Mid vowel

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IPA vowel chart
Front Near-​front Central Near-​back Back
Blank vowel trapezoid.svg
i • y
ɨ • ʉ
ɯ • u
ɪ • ʏ
ɪ̈ • ʊ̈
ɯ̽ • ʊ
e • ø
ɘ • ɵ
ɤ • o
 • ø̞
ə • ɵ̞
ɤ̞ • 
ɛ • œ
ɜ • ɞ
ʌ • ɔ
æ • 
ɐ • ɞ̞
a • ɶ
ä • ɒ̈
ɑ • ɒ
Paired vowels are: unrounded • rounded
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A mid vowel (or a true-mid vowel) is any in a class of vowel sounds used in some spoken languages. The defining characteristic of a mid vowel is that the tongue is positioned midway between an open vowel and a close vowel.

Other names for a mid vowel are lowered close-mid vowel and raised open-mid vowel, though the former phrase may also be used to describe a vowel that is as low as open-mid; likewise, the latter phrase may also be used to describe a vowel that is as high as close-mid.


The only mid vowel with a dedicated symbol in the International Phonetic Alphabet is the mid central vowel with ambiguous rounding [ə].

The IPA divides the vowel space into thirds, with the close-mid vowels such as [e] or [o] and the open-mid vowels such as [ɛ] or [ɔ] equidistant in formant space between open [a] or [ɒ] and close [i] or [u]. Thus a true mid front unrounded vowel can be transcribed as either a lowered ⟨⟩ (with a lowering diacritic) or as a raised ⟨ɛ̝⟩ (with a raising diacritic). Typical truly mid vowels are thus:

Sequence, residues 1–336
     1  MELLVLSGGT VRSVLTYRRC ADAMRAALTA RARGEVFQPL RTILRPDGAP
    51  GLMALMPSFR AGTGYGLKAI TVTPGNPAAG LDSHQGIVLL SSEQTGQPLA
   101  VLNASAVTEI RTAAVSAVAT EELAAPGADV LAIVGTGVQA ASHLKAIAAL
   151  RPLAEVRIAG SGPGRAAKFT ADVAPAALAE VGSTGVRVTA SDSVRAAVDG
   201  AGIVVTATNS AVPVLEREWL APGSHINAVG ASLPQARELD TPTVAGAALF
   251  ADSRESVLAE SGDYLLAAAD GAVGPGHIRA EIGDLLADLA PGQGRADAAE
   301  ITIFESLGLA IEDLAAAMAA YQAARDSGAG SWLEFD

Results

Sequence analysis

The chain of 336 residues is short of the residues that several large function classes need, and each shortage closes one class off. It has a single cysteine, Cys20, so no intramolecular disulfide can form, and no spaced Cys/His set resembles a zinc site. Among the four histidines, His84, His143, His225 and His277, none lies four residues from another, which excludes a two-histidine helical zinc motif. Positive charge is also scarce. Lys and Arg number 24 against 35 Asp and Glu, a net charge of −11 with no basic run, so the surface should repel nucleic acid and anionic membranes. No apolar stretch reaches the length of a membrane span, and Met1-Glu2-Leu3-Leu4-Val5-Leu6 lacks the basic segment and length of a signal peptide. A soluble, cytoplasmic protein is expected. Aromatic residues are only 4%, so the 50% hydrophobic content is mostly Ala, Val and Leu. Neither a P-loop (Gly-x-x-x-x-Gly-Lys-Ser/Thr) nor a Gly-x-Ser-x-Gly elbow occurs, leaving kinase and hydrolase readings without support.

Few languages contrast all three heights of mid vowel, because it is rare for a language to distinguish more than four heights of true front or back vowels. One, the Amstetten dialect of Austro-Bavarian, contrasts four heights of front unrounded, front rounded, and back vowels in addition to having an open central vowel. These have been transcribed with the available IPA symbols /i e ɛ æ/, /y ø œ ɶ/, /u o ɔ ɑ/, and /a/.

Amstetten Bavarian
Close i y u
Close-mid e ø o
Open-mid ɛ œ ɔ
Near open æ ɶ̝ ɑ̝
Open a

However, the vowels transcribed /æ ɶ ɑ/ are one-third the distance between open /a/ and close /i y u/, precisely the IPA definition of open-mid vowels [ɛ œ ɔ]. Thus Amstetten Bavarian may be an example of a language that contrasts mid vowels with both open-mid and close-mid vowels.

Amstetten Bavarian
Close i y u
Close-mid e ø o
Mid ø̞
Open-mid ɛ œ ɔ
Open a

The Kensiu language spoken in Malaysia and Thailand is highly unusual in that it phonemically contrasts true-mid vowels with close-mid and open-mid vowels without differences in other parameters such as backness or roundedness.